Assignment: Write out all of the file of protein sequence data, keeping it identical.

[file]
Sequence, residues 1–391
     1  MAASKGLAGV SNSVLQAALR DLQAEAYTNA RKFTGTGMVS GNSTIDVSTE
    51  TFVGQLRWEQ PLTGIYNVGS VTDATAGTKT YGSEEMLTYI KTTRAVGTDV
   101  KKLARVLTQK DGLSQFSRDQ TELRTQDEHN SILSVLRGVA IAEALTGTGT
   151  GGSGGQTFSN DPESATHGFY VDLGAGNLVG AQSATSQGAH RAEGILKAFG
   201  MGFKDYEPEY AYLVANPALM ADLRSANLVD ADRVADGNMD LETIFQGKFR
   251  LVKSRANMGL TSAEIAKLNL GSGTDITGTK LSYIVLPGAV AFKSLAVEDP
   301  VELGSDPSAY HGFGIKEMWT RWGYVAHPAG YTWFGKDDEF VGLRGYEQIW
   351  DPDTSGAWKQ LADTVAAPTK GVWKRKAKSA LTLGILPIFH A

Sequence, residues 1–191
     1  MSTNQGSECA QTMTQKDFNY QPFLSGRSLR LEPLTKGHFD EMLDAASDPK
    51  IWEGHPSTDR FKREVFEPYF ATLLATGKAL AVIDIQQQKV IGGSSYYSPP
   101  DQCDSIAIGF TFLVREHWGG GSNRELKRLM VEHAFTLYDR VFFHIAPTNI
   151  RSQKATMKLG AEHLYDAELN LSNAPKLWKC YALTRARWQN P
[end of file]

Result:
Sequence, residues 1–391
     1  MAASKGLAGV SNSVLQAALR DLQAEAYTNA RKFTGTGMVS GNSTIDVSTE
    51  TFVGQLRWEQ PLTGIYNVGS VTDATAGTKT YGSEEMLTYI KTTRAVGTDV
   101  KKLARVLTQK DGLSQFSRDQ TELRTQDEHN SILSVLRGVA IAEALTGTGT
   151  GGSGGQTFSN DPESATHGFY VDLGAGNLVG AQSATSQGAH RAEGILKAFG
   201  MGFKDYEPEY AYLVANPALM ADLRSANLVD ADRVADGNMD LETIFQGKFR
   251  LVKSRANMGL TSAEIAKLNL GSGTDITGTK LSYIVLPGAV AFKSLAVEDP
   301  VELGSDPSAY HGFGIKEMWT RWGYVAHPAG YTWFGKDDEF VGLRGYEQIW
   351  DPDTSGAWKQ LADTVAAPTK GVWKRKAKSA LTLGILPIFH A

Sequence, residues 1–191
     1  MSTNQGSECA QTMTQKDFNY QPFLSGRSLR LEPLTKGHFD EMLDAASDPK
    51  IWEGHPSTDR FKREVFEPYF ATLLATGKAL AVIDIQQQKV IGGSSYYSPP
   101  DQCDSIAIGF TFLVREHWGG GSNRELKRLM VEHAFTLYDR VFFHIAPTNI
   151  RSQKATMKLG AEHLYDAELN LSNAPKLWKC YALTRARWQN P